• Nick Stratton

Grants for Small Businesses

Small business grants can help you get started or stay afloat during the coronavirus pandemic and beyond. Some grants are specific to the pandemic, such as the federal PPP loans, which are forgivable if your business meets the guidelines. The Small Business Administration (SBA) has other lesser-known COVID-19 relief options, including the Restaurant Revitalization Fund, Shuttered Venues Grant, SBA Debt Relief, COVID-19 EIDL, and Cross-Program Eligibility. The fact is there are many options for grants, whether they are from a federal, state, city, or municipal government or a corporate, non-profit, non-governmental organization (NGO), private individual, or foundation entity. Small business grants can be tailored to meet the needs of minority owners, women, veterans, immigrants, felons, startups, and more.

Successfully obtaining a small business grant, which in essence is free money, turns out to be incredibly competitive and requires research and an appropriate grant proposal request. A large percentage (as high as 80 percent) of grant applications are turned away early in the process because a business owner did not follow the directions provided or take the time to craft their request to match the entity's parameters. Make sure your small business meets the list of eligibility requirements before spending the time it takes to create a successful application.

Most small business grants want to see your business plan, so be certain yours is updated.

Many businesses haven't updated their business plan since their launch. Take the time to ensure you have a current, well-thought-out strategy and accurate financial data in your business plan. Reviewing your plan and adapting your goals to meet the moment allows detailing how your business meets the requirements of a particular grant.

Timing is everything.

Grant applications are usually accepted once a year. Before applying, read through grant deadlines ahead of time for submission to the appropriate channel by the stated deadline. Not meeting a grant deadline will take your business out of the running, and it is easy to avoid submission timing mistakes with the proper research. After you submit your application, follow-up to ensure it was received and advise the reviewers you can provide further information if needed. When following up on your request, inquire about their timeline for selecting the winning grant.

Be prepared that your grant application may not result in funding for your business.

There are thousands of small business grants available, yet not every grant you request will come your way. Because applying for small business grants can be time-consuming, it is best to create a strategy before becoming involved. Some business owners prefer to outsource their grant application process to a professional to increase their chances of success and better manage their time. Yet, a professional writer is no guarantee of success and impacts your business's bottom line. Every small business grant has specific requirements, and you should ensure your business can meet those requirements before investing time and money in creating a grant proposal or application.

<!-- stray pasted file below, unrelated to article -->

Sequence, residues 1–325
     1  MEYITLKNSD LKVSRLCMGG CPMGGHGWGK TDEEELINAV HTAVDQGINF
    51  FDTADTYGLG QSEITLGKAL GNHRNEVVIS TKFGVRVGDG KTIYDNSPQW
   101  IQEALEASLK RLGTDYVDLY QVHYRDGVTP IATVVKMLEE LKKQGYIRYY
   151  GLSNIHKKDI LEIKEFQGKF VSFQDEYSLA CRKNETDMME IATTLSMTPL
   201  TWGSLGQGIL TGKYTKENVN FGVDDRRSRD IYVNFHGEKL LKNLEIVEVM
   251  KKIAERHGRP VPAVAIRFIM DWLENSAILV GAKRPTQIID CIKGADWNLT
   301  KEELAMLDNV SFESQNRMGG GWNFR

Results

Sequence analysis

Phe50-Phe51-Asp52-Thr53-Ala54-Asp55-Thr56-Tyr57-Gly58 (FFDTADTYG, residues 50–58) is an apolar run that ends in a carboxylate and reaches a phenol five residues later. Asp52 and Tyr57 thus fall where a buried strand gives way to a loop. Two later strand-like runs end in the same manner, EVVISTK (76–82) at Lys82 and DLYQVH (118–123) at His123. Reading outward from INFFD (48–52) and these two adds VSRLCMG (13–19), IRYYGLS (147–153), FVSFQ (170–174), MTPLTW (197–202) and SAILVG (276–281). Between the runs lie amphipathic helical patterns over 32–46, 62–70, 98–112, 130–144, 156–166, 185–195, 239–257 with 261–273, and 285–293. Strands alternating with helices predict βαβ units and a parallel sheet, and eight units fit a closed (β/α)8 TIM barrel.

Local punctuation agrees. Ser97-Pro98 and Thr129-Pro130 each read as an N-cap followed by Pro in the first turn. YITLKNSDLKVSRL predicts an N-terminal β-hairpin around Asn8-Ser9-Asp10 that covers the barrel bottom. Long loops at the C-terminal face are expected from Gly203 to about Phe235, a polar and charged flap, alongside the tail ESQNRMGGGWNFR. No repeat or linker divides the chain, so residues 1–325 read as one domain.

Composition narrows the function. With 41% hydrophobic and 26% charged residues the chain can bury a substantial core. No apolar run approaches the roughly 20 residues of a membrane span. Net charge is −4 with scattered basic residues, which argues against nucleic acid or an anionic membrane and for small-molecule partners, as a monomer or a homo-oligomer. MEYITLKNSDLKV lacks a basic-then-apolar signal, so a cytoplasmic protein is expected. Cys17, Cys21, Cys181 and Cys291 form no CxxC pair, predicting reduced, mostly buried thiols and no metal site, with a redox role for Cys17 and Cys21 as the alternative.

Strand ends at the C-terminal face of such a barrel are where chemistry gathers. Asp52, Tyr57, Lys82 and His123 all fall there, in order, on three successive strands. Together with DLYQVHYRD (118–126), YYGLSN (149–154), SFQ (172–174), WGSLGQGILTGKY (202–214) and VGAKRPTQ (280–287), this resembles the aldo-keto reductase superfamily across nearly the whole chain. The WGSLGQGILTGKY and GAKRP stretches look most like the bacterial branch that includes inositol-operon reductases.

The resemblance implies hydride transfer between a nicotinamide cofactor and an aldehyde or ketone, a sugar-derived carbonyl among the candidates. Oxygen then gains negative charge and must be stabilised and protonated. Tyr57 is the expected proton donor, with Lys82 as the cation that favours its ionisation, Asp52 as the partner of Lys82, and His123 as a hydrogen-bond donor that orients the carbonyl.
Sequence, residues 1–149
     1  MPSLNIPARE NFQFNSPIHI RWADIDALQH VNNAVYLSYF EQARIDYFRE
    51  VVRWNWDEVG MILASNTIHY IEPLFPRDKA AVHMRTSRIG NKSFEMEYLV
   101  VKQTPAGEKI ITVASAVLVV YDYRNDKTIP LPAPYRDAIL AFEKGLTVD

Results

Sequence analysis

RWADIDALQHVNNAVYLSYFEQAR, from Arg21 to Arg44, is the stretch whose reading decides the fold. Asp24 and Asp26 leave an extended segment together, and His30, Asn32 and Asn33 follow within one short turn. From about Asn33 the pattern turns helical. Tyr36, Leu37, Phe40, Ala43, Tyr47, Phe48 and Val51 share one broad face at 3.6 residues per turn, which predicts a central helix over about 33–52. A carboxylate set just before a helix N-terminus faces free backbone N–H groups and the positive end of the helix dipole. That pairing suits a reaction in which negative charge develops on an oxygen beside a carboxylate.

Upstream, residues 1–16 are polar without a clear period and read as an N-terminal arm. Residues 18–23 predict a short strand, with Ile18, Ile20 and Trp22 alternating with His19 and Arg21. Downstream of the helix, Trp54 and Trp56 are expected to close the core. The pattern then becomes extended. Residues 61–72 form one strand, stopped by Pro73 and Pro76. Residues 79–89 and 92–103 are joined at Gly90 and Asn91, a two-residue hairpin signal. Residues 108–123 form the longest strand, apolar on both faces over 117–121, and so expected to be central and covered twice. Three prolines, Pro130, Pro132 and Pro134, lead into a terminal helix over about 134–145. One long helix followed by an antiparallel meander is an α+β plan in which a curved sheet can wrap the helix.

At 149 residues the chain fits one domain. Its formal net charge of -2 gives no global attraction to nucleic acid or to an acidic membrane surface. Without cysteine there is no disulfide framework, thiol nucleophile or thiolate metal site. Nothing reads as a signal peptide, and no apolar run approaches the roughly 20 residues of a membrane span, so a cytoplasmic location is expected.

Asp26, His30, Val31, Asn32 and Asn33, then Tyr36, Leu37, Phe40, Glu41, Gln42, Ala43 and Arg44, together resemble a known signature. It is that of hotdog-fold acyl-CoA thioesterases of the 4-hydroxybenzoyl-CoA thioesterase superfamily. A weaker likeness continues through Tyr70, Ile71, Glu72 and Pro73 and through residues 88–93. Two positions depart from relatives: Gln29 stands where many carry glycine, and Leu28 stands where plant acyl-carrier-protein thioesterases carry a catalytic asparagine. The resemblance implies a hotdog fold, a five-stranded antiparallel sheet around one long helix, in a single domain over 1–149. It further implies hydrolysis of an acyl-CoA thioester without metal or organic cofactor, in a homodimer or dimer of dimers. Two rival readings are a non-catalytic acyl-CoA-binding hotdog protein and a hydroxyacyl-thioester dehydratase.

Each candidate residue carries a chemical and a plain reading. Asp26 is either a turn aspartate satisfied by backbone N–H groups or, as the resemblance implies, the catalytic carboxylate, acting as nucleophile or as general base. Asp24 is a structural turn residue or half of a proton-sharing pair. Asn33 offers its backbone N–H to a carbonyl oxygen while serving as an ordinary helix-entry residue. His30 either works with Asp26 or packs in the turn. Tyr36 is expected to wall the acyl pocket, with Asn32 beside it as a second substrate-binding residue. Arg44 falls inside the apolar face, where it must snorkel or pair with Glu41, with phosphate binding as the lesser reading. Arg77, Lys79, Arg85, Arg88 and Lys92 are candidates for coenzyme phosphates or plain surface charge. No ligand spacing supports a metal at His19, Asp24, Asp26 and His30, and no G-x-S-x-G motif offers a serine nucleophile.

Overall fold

Many small businesses are struggling during the pandemic, and a small business grant can provide much-needed financial support that can help keep your business thriving. To begin your process, contact the Local Initiatives Support Corporation (LISC), which bridges the gap between corporations with capital and government agencies. This organization facilitates numerous grants and other local funding opportunities. The Barstool Fund is another fund that provides relief grant money in response to the pandemic. This ongoing crowdsource fund campaign has great appeal as its process is fully online. While there is no fixed grant amount, small business owners receive money in the thousands of dollars. Other small business crowdfunding sources include GoFundMe, where, as long as you can verify your business is negatively impacted by the coronavirus, you can be eligible for funds to cover business expenses or employee care.

Whether the grant you seek is a long-standing small business grant or in response to the coronavirus pandemic, it is imperative to follow the directions carefully and provide thoughtful responses that complement the focus of that particular grant. You can access most federal grants here at grants.gov, where you will also find grant writing tips and a learning center, while private sector grants are easily accessible through LISC.

Please contact our New Jersey office or call us at (201) 464-2040.

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